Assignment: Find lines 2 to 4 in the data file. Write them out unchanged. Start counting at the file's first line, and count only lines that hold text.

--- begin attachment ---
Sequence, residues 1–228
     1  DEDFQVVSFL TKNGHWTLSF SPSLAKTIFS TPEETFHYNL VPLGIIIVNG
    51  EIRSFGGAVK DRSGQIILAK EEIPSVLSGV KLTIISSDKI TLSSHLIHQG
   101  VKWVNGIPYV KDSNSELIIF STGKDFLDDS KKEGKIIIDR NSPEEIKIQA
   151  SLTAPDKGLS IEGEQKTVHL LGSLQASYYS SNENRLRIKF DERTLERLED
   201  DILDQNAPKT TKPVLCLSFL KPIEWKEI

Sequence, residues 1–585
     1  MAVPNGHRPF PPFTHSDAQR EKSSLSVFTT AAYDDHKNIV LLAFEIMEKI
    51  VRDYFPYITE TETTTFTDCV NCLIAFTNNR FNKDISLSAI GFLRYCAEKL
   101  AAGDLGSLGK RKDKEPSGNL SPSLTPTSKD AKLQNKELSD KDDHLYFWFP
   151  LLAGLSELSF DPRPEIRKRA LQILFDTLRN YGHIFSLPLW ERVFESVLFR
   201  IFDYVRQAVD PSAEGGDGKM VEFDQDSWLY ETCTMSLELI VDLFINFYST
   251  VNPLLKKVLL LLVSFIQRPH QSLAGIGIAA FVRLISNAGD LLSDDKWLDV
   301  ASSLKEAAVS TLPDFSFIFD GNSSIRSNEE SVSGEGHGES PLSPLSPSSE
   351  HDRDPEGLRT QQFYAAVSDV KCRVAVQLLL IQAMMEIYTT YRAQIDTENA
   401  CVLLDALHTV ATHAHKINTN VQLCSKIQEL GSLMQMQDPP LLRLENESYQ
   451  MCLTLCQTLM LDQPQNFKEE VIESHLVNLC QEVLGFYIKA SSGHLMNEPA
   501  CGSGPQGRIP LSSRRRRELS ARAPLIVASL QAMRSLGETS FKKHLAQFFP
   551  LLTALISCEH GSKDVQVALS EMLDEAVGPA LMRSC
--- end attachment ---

     1  DEDFQVVSFL TKNGHWTLSF SPSLAKTIFS TPEETFHYNL VPLGIIIVNG
    51  EIRSFGGAVK DRSGQIILAK EEIPSVLSGV KLTIISSDKI TLSSHLIHQG
   101  VKWVNGIPYV KDSNSELIIF STGKDFLDDS KKEGKIIIDR NSPEEIKIQA